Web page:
Recently, we added a Mitsubishi Evolution VIII to the test car fleet. This is a caged out road course car. We aren’t real committed to cracking off good lap times this season, but spending more time shaking down the car and assessing what we need to do in order to be competitive for next season of Global Time Attack and Redline Time Attack.
The first few outtings had us break a few things. It was pretty frustrating to have the OEM turbo die on turn 3 of the first lap at Autoclub Speedway in Fontana, CA a couple months back. We were able to redeem ourselves and run the full day recently at the same track. The configuration was the infield-only setup without the high speed Roval. This is a great venue for testing purposes and understanding what the car was doing. On our latest outting, we changed the car over to speed density and E85.
One of the big challenges, has been to fix tip-in and tip-out response of the car. If you know Evo’s/DSM’s, you know that they’re equipped with a MAF of the Karman Vortex (KV) type. This type of MAF is very sensitive to time discrepancies between when the air is measured and it actually arrives at the inlet port. So that BOV needs to open quickly on command by engine conditions. On the street, this isn’t that big of a deal, but when you’re mid corner and you’ve got time slowed down enough in your head that you can throttle modulate a bit mid corner, a bucking car is not what you want to have.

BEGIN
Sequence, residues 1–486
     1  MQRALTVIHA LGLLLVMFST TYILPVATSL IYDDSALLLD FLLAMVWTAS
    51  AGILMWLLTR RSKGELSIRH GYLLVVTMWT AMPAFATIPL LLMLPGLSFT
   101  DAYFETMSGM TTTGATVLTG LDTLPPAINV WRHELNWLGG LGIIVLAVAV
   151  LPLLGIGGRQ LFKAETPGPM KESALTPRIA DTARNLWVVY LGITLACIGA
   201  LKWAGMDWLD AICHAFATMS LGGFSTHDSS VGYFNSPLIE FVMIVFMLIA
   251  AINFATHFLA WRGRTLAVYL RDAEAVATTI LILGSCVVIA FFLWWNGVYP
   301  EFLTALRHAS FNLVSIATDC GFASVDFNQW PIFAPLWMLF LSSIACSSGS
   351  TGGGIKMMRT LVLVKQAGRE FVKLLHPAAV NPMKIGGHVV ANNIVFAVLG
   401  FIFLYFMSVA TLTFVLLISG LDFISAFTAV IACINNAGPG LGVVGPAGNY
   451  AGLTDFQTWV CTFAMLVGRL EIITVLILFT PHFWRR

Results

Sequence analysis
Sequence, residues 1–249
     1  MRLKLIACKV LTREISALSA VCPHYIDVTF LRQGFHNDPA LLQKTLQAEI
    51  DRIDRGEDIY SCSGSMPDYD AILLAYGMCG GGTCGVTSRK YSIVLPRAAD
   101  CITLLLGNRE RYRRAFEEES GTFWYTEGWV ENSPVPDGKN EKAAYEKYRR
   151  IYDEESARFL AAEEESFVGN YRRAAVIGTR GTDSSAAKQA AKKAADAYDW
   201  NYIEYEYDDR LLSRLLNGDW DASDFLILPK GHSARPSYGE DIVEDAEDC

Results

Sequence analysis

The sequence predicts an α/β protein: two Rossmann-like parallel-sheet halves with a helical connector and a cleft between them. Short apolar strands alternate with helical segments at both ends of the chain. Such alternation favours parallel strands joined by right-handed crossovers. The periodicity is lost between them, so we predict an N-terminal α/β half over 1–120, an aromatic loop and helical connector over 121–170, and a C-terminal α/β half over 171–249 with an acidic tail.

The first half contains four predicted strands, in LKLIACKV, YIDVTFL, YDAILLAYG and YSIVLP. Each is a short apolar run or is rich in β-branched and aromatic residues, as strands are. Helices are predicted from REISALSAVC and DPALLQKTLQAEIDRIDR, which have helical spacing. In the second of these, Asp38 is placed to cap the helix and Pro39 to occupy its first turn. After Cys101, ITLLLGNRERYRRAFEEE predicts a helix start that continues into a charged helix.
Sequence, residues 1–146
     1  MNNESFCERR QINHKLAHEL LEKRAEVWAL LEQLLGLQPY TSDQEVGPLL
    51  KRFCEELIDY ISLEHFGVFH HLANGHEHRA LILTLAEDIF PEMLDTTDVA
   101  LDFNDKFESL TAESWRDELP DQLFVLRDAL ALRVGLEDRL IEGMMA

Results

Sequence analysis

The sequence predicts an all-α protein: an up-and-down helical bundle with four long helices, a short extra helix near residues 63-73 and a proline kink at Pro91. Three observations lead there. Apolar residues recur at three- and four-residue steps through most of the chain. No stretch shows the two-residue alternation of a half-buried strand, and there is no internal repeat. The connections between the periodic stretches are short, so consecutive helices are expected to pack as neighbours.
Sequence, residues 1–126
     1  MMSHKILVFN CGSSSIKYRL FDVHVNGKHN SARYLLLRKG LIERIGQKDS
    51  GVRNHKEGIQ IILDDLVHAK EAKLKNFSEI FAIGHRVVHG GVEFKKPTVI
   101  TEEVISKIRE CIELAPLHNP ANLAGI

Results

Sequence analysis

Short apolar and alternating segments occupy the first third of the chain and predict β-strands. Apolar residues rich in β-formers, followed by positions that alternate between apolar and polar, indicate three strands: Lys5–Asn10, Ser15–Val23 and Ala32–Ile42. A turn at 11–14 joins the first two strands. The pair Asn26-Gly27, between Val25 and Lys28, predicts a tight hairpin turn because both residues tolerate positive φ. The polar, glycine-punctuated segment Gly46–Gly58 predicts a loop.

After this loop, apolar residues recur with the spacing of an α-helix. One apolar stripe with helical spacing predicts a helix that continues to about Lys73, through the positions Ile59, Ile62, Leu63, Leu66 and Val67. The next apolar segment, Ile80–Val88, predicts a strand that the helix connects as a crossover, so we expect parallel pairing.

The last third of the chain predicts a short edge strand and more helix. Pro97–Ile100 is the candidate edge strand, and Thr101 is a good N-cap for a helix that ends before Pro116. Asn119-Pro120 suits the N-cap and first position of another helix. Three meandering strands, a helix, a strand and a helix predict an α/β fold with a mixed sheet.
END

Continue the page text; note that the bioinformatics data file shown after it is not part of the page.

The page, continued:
I’m so tired of going to the track and hearing cars flutter on tip-out and then a second later dump some boost. Sure, it is just flutter. Or is it? With a KV MAF that time delay translates into bucking and seriously upsetting the car. That does nothing but kill driver confidence and delay getting back on the throttle. Here’s the mechanism of a slow acting BOV/DV/BPV, whatever you want to call it: You tip-out of the throttle, turbo flutters (no biggie if the MAF doesn’t care), but then a second later when you’re due to tip back in the BOV finally opens. Well, when the BOV opens there is an unloading of the engine. You want that to happen when it is supposed to happen, not later than when it is supposed to happen. That unloading directly impacts how you shift, because the input shaft to the transmission is tied directly to the crank. Trust me, it does matter. And on top of that, the change in engine moment translates into a change in car moment as well. This change will happen whether you are MAF or MAP based in engine calibration.
We had two cars running at the track this past weekend, both with Synchronic technology equipped compressor bypass valves. Rene Garrido of Renown racing was running his Gen 1 RX7 with a 2-rotor turbo and utilizing the Diverter Valve. I was running in the Evo 8 with the stock turbo and our prototype R55 Trident valve that I was track testing (and hell bent on breaking).
If you watch the video, you’ll see just how smooth the valves operate and the impact on the car. If you look closely at my foot during some of the corners, you will see that I’m adding throttle mid corner to get that extra power down. I was not able to get that done before in this car until our recent changes going speed density and eliminating that MAF. In previous iterations of the car, we also had the car setup with the DV sharing a line with the MBC, that’s a different article altogether. Having eliminated that, the car performed much much better from a driver’s perspective.
You’ll need to turn up the volume to hear the RX7, sorry, we were a bit focused on running at the track.